The esteemed fight website BoxingScene recently caught up with Hall of Fame commentator Jim Lampley to get his thoughts about HBO’s divorce from boxing after 45 years.
Lampley, of course, has been HBO Boxing’s lead commentator since 1988 and has seen a lot through the years. (Incidentally, the network’s last scheduled fight card will be headlined by Daniel Jacobs vs Sergiy Derevyanchenko at Madison Square Garden on Oct. 27)
Having been at ringside for HBO for 30 years and witnessed so many of the sport’s biggest fights and historic moments, Lampley shared his thoughts on the Mike Tyson mystique.
Often referred to as the “Voice of Boxing,” Lampley, who is frequently approached by fans who’ll want to discuss the sport, insists Buster Douglas’ shocking upset of then-heavyweight champion Mike Tyson in February 1990 is still the most popular topic bantered.
“Year in, year out it is still Tyson-Douglas,” Lampley told BoxingScene.com earlier this week.
Lampley confirmed what many boxing-educated, hardcore fight fans came to realize in the 1990s – Mike Tyson’s aura might be greater than his accomplishments.
Is Mike Tyson overrated?
He’s far more revered by the mainstream public, casual and non-fans of the sport, than two of his contemporaries who knocked him out AND had more impressive resumes, Evander Holyfield and Lennox Lewis.
“Twenty-eight years later people still can’t get over it. People freak when I tell them it was an on-merit style loss. Mike had trouble with anyone who was taller, could move and jab, and drop the right hand over the top. Buster was the best he had met in those categories up to that moment.
“A minor-league Lennox. Mike could never have beaten Lennox and he knew that very well. Lennox was by far the best heavyweight I covered. Prime Lennox was too good for Mike and Evander.”
Fact: In 1996, Tyson’s handlers paid Lennox Lewis $4 Million in step aside money for the latter NOT TO FIGHT Tyson.
Let’s roll back to 1996. When a 30-year-old Mike Tyson regained the WBC version of the heavyweight title by knocking out Frank Bruno, his handlers refused to allow him to fight his mandatory opponent, top-ranked Lennox Lewis. However, Mike’s handlers knew they had to keep a title in Tyson’s hands because having a belt made him a champion and reinforced his legitimacy and overall mystique to the public.
So, when Team Tyson refused to honor its mandatory commitment and proceeded with plans to have Mike face WBA Champion Bruce Seldon instead of the Lennox Lewis, the Brit took Tyson’s promoter/manager Don King to court – and won.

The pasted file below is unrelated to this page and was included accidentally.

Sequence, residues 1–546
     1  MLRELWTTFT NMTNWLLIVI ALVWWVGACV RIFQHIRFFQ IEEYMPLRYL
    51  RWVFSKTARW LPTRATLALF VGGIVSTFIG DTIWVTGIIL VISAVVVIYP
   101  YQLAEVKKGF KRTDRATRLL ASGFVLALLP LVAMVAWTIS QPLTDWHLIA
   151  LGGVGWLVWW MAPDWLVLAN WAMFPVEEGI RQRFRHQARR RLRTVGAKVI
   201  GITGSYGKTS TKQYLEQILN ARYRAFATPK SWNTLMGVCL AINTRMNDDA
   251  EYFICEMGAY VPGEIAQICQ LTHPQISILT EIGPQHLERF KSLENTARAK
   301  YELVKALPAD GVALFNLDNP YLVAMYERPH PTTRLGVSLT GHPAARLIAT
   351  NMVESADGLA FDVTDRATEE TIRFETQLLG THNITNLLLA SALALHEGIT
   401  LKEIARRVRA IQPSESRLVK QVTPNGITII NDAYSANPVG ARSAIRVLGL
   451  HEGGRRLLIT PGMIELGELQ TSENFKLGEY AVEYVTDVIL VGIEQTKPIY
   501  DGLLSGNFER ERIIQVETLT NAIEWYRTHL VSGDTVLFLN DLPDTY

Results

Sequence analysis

Essentially, the court ordered Tyson to relinquish his title immediately but he never had to because Lewis accepted $4 Million in step aside money to drop the case. As a result, Tyson could hold on to the WBC title long enough to win the WBA belt. And Mike did just that by KOing Seldon in 93 seconds in July 1996.
For a brief time in 1996, Tyson was the WBC/WBA Heavyweight Champion while Michael Moorer owned the IBF version. However, the WBC, as expected, stripped Tyson of its title two months later for not facing Lewis, his mandatory. Of course, it was fine with Team Tyson because Mike now had the WBA version and wouldn’t be titleless. By the time Lewis claimed Tyson’s vacated WBC strap in February 1997, Mike had lost his WBA title to Evander Holyfield three months prior.
After Holyfield KO’d Moorer in 1998 to capture the IBF title as well, Tyson was out of the picture. The public wanted to see champion vs champion (Holyfield WBA/IBF) vs Lewis (WBC), and Lewis would go on to claim Evander’s belts after fighting him twice in 1999.
Lewis vs Tyson
Finally in Summer 2002, with the 36-year-old Lewis as the 3-year consensus heavyweight champion and a near-bankrupt 35-year-old Tyson on a 6-fight win streak with little to lose, the pair would meet in the ring. (Actually, two of Mike’s knockouts were ruled No Contests so he was officially 4-0-4KO, 2 NC in his previous six fights)